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Birdwatching

The exotic and beautiful bird life at Crystal Creek

As Crystal Creek Rainforest Retreat is directly adjacent to Lamington National Park and Springbrook National Park, it's a hot spot for birdwatching. In one three-hour morning session, 41 species were sighted and identified.

This bird list has been compiled from observations made on and around our property by Judy and Ralph Kraemer since 1989. Bird names are according to the Slater Field Guide to Australian Birds by Peter Slater.

Occurrence

  • C Common (often seen)
  • Uncommon (seen once in a while)
  • R Resident (lives in one area all year)
  • M Migrant (makes regular trips from area to area, locally or long-distance)
  • N Nomadic (moves from area to area with no seasonal regularity)
  • V Vagrant (visits an area irregularly, usually passing through)

Habitat

  • A All areas
  • R Rainforest
  • 0 Open areas
  • U Understory
  • T Treetops
  • G Grassy areas
  • C Near water

Birds observed

  • Albert's Lyrebird
  • Australian Hobby
  • Australian Kestrel
  • Australian King-Parrot
  • Australian Magpie
  • Australian Pelican
  • Azure Kingfisher
  • Bar-shouldered Dove
  • Barn Owl
  • Black-faced Cuckoo-shrike
  • Black-faced Monarch
  • Black-shouldered Kite
  • Brown Cuckoo-Dove
  • Brown Falcon
  • Brown Gerygone
  • Brown Honeyeater
  • Brown Quail
  • Brown Thornbill
  • Brush Cuckoo
  • Brush Turkey
  • Buff-banded Rail
  • Cattle Egret
  • Channel-billed Cuckoo
  • Chestnut-breasted Mannikin
  • Cicadabird
  • Collared Sparrowhawk
  • Common Bronzewing
  • Common Koel
  • Crested Hawk
  • Crested Pigeon
  • Crested Shrike-tit
  • Crimson Rosella
  • Dollarbird
  • Double-barred Finch
  • Eastern Rosella
  • Eastern Spinebill
  • Eastern Whipbird
  • Eastern Yellow Robin
  • Emerald Dove
  • Fan-tailed Cuckoo
  • Figbird
  • Forest Kingfisher
  • Galah
  • Glossy Black-Cockatoo
  • Golden Whistler
  • Green Catbird
  • Grey Butcherbird
  • Grey Falcon
  • Grey Fantail
  • Grey Goshawk
  • Grey Shrike-thrush
  • Intermediate Egret
  • Jacky Winter
  • Large-billed Scrubwren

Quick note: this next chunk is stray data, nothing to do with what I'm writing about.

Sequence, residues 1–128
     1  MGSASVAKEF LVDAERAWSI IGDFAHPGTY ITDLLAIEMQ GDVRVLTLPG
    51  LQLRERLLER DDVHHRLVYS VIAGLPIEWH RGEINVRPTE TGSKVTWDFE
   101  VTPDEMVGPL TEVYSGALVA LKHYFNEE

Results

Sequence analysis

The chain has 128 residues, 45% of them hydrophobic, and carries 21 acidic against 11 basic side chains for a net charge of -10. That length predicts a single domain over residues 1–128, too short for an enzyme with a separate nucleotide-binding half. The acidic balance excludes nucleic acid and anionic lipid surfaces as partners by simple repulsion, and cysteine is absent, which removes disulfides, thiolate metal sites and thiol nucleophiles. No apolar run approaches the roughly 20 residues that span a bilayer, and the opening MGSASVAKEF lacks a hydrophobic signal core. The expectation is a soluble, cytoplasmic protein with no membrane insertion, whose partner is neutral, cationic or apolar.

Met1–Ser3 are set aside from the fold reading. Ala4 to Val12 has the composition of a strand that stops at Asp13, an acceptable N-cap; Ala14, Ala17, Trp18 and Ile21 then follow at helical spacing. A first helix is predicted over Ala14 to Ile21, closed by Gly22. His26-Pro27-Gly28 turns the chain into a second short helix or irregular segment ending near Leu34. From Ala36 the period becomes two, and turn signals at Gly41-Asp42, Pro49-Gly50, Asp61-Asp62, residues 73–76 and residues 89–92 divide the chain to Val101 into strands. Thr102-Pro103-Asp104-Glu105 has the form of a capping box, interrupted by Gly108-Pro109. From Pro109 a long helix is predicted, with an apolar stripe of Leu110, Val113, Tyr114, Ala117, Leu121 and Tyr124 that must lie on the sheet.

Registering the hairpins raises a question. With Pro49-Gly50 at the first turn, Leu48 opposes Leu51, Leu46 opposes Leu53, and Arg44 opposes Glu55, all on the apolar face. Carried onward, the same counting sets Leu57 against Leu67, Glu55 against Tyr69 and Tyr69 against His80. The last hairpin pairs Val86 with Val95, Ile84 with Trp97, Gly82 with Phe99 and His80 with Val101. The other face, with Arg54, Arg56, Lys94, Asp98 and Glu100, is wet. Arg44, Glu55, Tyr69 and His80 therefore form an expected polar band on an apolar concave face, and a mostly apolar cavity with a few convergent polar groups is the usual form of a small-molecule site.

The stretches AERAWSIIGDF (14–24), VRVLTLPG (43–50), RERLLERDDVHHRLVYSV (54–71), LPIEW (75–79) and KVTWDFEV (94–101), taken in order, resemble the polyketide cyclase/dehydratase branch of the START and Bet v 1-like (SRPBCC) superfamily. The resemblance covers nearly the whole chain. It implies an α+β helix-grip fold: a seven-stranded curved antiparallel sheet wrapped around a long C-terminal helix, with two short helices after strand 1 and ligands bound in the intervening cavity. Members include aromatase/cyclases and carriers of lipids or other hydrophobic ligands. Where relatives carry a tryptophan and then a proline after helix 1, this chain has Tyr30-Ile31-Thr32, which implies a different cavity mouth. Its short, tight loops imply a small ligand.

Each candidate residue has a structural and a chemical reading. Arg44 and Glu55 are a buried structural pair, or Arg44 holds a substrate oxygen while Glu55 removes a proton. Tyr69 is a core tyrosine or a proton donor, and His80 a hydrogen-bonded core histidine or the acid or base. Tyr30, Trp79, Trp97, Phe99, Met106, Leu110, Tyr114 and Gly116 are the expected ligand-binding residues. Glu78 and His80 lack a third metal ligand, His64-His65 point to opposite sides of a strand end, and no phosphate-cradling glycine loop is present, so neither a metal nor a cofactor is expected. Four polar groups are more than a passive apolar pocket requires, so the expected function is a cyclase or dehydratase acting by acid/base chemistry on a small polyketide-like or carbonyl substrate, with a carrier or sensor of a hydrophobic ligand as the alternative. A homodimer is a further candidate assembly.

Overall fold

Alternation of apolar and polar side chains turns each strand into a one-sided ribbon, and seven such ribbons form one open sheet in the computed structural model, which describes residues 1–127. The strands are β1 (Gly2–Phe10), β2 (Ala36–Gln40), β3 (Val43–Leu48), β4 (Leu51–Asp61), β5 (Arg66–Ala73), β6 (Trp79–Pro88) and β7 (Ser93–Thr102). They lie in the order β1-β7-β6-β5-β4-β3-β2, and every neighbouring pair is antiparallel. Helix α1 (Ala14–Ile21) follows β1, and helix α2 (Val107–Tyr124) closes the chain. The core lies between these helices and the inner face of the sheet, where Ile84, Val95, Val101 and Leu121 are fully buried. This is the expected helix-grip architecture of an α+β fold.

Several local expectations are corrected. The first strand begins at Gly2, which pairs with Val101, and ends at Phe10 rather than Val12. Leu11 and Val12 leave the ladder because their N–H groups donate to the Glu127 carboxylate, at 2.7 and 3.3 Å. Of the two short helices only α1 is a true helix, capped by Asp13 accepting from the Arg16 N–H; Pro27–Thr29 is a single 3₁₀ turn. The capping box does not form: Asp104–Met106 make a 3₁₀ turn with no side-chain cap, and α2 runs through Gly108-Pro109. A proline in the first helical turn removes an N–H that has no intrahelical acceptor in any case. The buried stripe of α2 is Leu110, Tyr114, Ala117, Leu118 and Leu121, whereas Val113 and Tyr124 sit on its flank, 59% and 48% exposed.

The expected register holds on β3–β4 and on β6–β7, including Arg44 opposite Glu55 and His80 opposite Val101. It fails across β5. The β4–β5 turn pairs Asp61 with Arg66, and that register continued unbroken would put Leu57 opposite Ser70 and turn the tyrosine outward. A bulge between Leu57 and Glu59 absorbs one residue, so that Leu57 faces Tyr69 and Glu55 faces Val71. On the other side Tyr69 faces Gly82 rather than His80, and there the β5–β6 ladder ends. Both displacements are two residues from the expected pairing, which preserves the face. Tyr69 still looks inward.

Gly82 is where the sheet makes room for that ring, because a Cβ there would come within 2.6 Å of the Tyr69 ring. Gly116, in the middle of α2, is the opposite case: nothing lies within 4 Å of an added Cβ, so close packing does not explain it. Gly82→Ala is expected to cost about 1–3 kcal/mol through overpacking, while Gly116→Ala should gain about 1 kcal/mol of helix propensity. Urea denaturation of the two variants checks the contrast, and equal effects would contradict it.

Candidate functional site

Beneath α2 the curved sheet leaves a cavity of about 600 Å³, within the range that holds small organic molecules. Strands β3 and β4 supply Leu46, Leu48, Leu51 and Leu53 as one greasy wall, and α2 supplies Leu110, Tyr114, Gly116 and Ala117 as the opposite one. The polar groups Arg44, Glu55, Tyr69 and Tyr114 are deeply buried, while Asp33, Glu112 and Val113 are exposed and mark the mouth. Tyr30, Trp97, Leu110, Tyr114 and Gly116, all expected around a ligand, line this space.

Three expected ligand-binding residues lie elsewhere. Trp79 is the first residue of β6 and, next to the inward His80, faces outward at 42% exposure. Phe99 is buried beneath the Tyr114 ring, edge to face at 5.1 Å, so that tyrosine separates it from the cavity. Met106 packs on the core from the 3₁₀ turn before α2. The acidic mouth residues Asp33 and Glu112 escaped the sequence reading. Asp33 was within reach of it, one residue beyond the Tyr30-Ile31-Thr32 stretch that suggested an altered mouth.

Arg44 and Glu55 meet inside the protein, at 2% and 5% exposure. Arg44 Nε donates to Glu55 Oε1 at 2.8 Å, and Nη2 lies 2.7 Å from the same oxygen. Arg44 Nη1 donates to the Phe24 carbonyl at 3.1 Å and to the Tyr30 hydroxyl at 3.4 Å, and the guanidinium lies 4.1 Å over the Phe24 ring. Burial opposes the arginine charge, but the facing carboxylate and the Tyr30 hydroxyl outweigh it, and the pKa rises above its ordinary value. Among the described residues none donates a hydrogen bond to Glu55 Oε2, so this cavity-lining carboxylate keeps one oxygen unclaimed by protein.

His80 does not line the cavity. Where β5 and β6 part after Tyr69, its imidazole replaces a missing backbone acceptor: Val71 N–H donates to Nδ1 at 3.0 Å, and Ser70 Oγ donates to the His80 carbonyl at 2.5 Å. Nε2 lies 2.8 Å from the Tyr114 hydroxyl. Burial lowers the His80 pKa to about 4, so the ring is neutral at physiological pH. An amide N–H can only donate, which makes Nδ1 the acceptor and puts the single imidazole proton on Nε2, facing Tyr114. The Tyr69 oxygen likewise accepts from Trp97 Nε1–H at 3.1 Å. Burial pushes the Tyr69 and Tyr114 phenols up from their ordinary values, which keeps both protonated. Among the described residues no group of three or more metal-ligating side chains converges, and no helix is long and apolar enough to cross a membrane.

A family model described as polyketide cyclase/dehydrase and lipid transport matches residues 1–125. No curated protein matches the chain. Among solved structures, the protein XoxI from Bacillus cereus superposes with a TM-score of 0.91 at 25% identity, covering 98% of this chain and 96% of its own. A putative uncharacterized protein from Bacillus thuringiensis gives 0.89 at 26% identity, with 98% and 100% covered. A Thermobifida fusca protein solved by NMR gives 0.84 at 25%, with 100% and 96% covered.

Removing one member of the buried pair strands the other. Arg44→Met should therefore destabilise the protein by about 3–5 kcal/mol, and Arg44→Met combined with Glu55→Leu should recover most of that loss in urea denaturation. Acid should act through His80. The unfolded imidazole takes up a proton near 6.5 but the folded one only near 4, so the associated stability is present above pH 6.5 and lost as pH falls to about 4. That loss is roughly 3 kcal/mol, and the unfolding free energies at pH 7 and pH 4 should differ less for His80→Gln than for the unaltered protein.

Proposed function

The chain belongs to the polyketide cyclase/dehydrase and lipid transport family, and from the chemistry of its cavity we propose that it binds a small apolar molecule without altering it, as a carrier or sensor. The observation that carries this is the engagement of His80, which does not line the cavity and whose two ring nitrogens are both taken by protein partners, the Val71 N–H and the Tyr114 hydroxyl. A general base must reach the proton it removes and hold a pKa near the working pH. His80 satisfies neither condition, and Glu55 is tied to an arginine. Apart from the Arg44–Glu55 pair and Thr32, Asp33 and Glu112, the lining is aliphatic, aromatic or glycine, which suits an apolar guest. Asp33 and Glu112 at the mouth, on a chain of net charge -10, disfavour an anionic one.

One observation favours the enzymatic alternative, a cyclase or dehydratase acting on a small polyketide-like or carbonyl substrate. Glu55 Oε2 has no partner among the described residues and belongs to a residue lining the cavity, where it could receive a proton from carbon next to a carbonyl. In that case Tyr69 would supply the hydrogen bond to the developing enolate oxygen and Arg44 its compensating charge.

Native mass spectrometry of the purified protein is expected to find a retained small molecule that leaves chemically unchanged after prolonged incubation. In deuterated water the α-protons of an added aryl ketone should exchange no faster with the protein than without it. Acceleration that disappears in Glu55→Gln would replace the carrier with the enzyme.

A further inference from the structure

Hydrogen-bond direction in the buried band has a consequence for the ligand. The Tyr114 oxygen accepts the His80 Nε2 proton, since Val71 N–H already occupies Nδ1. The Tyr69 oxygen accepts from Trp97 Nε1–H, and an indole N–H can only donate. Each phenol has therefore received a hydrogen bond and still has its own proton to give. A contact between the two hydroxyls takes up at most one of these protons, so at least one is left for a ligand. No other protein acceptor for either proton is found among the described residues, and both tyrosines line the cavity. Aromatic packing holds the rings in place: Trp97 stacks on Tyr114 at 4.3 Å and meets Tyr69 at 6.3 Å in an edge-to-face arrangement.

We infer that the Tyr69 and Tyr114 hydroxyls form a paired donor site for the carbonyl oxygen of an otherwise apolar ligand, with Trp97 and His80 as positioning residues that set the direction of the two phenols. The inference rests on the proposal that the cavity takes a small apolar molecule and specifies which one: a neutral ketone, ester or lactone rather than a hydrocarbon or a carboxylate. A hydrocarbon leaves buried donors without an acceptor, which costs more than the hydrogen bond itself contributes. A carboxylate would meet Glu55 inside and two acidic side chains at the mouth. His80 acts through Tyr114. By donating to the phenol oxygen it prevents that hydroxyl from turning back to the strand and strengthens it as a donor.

• Laughing Kookaburra
  • Leaden Flycatcher
  • Lewin's Honeyeater
  • Lewin's Rail
  • Little Cuckoo-shrike
  • Little Eagle
  • Little Egret
  • Little Lorikeet
  • Little Pied Cormorant
  • Little Shrike-thrush
  • Logrunner
  • Magpie-lark
  • Marbled Frogmouth
  • Masked Lapwing
  • Mistletoebird
  • Noisy Friarbird
  • Noisy Miner
  • Noisy Pitta
  • Olive-backed Oriole
  • Pacific Black Duck
  • Pacific Heron
  • Pale-Yellow Robin
  • Pale-headed Rosella
  • Paradise Riflebird
  • Peaceful Dove
  • Peregrine Falcon
  • Pheasant Coucal
  • Pied Butcherbird
  • Pied Currawong
  • Purple Swamphen
  • Rainbow Bee-Eater
  • Rainbow Lorikeet
  • Red-backed Fairy-wren
  • Red-browed Finch (Firetail)
  • Regent Bowerbird
  • Restless Flycatcher
  • Richard's Pipit
  • Rose Robin
  • Rose-crowned Fruit-Dove
  • Royal Spoonbill
  • Rufous Fantail
  • Rufous Night Heron
  • Rufous Whistler
  • Sacred Ibis
  • Sacred Kingfisher
  • Satin Bowerbird
  • Scaly-breasted Lorikeet
  • Scarlet Honeyeater
  • Shining Bronze-Cuckoo
  • Silver Gull
  • Silvereye
  • Sooty Owl
  • Southern Boobook Owl
  • Spangled Drongo
  • Spectaed Monarch
  • Spotted Pardalote
  • Straw-necked Ibis
  • Striated Pardalote
  • Striated Thornbill
  • Sulphur-crested Cockatoo
  • Superb Blue Fairy-wren
  • Superb Fruit-Dove
  • Tawny Frogmouth
  • Topknot Pigeon
  • Torresian Crow
  • Tree Martin
  • Varied Sittella
  • Varied Triller
  • Variegated Fairy-wren
  • Wedge-tail Eagle
  • Welcome Swallow
  • White's Thrush
  • White-Winged Triller
  • White-bellied Sea-Eagle
  • White-browed Scrubwren
  • White-eared Monarch
  • White-faced Heron
  • White-headed Pigeon
  • White-naped Honeyeater
  • White-throated Gerygone
  • White-throated Needletail
  • White-throated Treecreeper
  • Willie Wagtail
  • Wompoo Fruit-Dove
  • Wonga Pigeon
  • Wood Duck
  • Yellow-eyed Cuckoo-shrike
  • Yellow-faced Honeyeater
  • Yellow-rumped Thornbill
  • Yellow-tailed Slack Cockatoo
  • Yellow-throated Scrubwren

Australian Bird Watching website

Satin BowerbirdSatin Bowerbird

Featured species
CCRR News February 2015

Satin bowerbirds live in the rainforest of Crystal Creek but to actually see one is rare, so we were delighted recently to see a young male foraging in the seed we leave daily on our deck.

Satin Bowerbirds are named after the beautiful dark sheeny plumage of the male, who is best known for his habit of collecting blue objects. In urban areas clothes pegs are the usual target, but in the rainforest, the blue tail feathers of Crimson Rosellas are a prized favourite. Decorations can also be violets, purples or occasionally even lime-coloured.

A bower is not a nest – these are built well above ground by the female bowerbird – it is a courting space built of fine twigs and maintained and decorated fastidiously by a single blue male. It's also the scene of fierce competition as neighbouring males will attempt to destroy the bower and pinch the twigs or decorations for their own bowers.

Bowerbirds are omnivorous, feeding on animal and plant material including seeds, fruit, flowers and nectar. They also love fresh green leafy vegetables, which can bring them into conflict with gardeners.

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